July 2017 – Not only is Custer, South Dakota, a charming place for RVers to enjoy a spirited, small town 4th of July celebration, it is situated next to enormous Custer State Park where beautiful scenery and unusual wildlife abound. While Yellowstone National Park and Grand Teton National Park are famous for bison leisurely strolling down the road, Custer State Park offers the same thrill but in a much less visited setting.
The Wildlife Loop Road is the place to see the animals in Custer State Park. When friends told us this drive was their favorite part of the Park because of all the animals they saw, I wondered how in the world the animals knew they were supposed to hang out there to greet all the tourists. I still don’t know, but it doesn’t take long on the Wildlife Loop Road to see them!
We arranged our 2017 travels to take us to Custer State Park because we knew a professional wildlife photographer that we have admired for a long time was headed there to test out some new camera gear for one of his video reviews. His name is Steve Perry, and he has a very popular YouTube channel as well as two excellent books about photography (links below).
Ever since we purchased and devoured Steve’s first book on wildlife photography a while back, we have studied his tutorials closely and learned a lot from his many tips.
So, we were absolutely thrilled to meet Steve and his wife Rose in downtown Custer. We agreed to catch up with each other again out on the Wildlife Loop Road in the early dawn hours the next day.
We were out on the road before sunrise, and in no time we spotted a little group of wild burros. Several mares were accompanied by their adorable foals. How fun!
Suddenly, the sun appeared above the trees, and cast its soft rays across the meadow. But we hardly noticed as we watched this herd of burros, utterly enchanted by the sweet little knobby kneed foals.
We drove a little further on the Wildlife Loop Road and spotted a gorgeous young white tail deer with soft, fuzzy antlers.
There were pronghorn antelope too.
All these animals live in the middle of a smorgasbord of their favorite foods. There are not only grasses to munch…
…but there are wildflowers too. Yum!
All these animal sightings were great, but where were Steve and Rose? It hadn’t occurred to us that meeting “somewhere” on the Wildlife Loop Road was a little non-specific, and that we would probably all get totally sidetracked by watching the animals and possibly miss each other completely.
Fortunately, with split second timing, just as we passed a dirt road that intersected with the Wildlife Loop Road when we were leaving, we saw Steve’s car bumping down the lumpy road. What luck! Steve excitedly told us what fun they’d just had photographing the prairie dogs in a dog town commonunity just a ways back on that road.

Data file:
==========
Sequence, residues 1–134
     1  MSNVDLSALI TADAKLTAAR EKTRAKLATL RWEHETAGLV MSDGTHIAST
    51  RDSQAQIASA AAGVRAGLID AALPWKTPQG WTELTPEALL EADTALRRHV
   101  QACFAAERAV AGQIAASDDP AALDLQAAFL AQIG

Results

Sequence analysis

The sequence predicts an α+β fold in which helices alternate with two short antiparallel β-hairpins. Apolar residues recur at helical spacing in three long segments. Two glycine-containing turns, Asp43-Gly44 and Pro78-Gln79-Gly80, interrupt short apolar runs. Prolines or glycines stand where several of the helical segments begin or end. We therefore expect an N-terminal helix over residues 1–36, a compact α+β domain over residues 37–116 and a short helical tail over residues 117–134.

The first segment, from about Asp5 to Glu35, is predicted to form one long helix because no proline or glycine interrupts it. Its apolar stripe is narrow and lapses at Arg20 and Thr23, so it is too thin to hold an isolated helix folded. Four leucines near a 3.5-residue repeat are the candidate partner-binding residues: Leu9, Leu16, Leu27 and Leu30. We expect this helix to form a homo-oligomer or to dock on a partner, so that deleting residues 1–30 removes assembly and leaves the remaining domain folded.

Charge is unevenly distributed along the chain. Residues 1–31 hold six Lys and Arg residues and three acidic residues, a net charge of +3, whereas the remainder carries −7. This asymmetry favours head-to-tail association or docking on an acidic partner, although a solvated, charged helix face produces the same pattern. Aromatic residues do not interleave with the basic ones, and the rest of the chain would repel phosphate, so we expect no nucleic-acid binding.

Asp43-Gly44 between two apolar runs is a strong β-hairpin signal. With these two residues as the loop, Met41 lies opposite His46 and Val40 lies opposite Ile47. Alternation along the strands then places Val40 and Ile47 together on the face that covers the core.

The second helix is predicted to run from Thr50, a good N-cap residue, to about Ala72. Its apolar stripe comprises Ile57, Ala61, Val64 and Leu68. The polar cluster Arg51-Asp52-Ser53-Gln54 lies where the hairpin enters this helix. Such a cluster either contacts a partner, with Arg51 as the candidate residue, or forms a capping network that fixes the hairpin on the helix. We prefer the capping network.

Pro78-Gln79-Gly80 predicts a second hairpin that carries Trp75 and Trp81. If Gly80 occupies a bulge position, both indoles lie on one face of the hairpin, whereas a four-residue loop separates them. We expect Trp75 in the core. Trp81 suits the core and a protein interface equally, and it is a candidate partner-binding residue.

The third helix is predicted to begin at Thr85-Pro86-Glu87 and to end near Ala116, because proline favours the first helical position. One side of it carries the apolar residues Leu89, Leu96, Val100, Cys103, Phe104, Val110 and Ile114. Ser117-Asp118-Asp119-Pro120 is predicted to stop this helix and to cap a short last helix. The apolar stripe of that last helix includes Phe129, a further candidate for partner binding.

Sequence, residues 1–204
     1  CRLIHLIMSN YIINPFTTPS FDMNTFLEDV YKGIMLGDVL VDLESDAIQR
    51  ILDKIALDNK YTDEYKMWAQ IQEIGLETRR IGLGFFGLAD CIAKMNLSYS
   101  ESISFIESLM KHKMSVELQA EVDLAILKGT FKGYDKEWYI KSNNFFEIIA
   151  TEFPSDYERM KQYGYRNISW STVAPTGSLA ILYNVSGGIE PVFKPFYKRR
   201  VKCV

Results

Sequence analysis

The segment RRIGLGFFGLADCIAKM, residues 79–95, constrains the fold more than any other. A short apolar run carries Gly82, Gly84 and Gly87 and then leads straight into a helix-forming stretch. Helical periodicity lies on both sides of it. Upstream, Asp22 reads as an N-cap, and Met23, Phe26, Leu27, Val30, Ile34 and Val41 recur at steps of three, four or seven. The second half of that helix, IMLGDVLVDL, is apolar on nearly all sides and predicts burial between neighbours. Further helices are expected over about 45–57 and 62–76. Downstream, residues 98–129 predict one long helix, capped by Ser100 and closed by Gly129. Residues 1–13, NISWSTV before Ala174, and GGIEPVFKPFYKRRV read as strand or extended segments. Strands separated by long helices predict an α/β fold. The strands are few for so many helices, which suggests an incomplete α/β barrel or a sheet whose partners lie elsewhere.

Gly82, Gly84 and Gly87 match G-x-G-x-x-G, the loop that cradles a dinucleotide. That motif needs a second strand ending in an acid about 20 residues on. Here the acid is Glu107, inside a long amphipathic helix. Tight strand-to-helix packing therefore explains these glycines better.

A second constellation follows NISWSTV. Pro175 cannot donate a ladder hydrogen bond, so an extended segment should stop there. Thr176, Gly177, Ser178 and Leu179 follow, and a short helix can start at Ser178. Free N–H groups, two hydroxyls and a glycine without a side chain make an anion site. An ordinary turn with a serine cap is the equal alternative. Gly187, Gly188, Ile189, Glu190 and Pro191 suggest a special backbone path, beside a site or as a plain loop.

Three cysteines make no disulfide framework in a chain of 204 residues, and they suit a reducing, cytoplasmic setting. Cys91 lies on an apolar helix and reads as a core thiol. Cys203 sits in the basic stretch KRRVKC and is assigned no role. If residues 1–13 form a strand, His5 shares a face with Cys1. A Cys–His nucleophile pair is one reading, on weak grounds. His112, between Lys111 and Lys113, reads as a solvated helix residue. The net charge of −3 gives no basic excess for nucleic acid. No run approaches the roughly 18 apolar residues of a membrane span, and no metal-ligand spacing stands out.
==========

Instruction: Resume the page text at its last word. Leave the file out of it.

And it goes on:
He offered to lead us back there, and soon we were looking out on the open prairie where dozens of these adorable little creatures were busily popping in and out of their burrows.
Mark was using our Tamron 150-600 lens on a Nikon D500 camera, and all three of us hunkered down on the dry prairie grasses and aimed our cameras at these little bands of comedians. What a blast we had watching their capers and taking pics. After growing accustomed to our presence, they stopped barking warnings about us to each other and began going about their daily business and munching breakfast.
The prairie dogs appeared and disappeared all across the meadow, like bubbles forming and popping in a fizzy drink, and we had to think and act fast to catch their antics before they vanished from sight. I realized, as I sat there, that one of the keys to wildlife photography is having a vast reserve of patience.
We had seen prairie dogs at Valles Caldera National Preserve in New Mexico just a few weeks prior, but we had been in a rush to see other things and had given them about five minutes to strut their stuff for us. No wonder our pics had been mediocre. We learned from Steve that if you’re going to shoot prairie dogs and capture their adorable cuteness, it takes time.
It also requires good equipment, and I couldn’t believe the quality of the photos that were coming from the lens I was borrowing from Steve! As I checked my images, it suddenly dawned on me that when we’d decided to come all this way to watch and learn from a pro wildlife photographer, we had inadvertently signed up to start lusting after some really nice camera gear!
After we filled our cameras’ memory cards with pics of prairie dogs and packed up to head out, we told Steve he might have cost us some big bucks if we couldn’t keep our lust in check. He laughed and told us how he had been in the exact same boat when he first got serious about wildlife photography years ago. He said photography buffs have a name for it: GAS or Gear Aquisition Syndrome. Oh dear!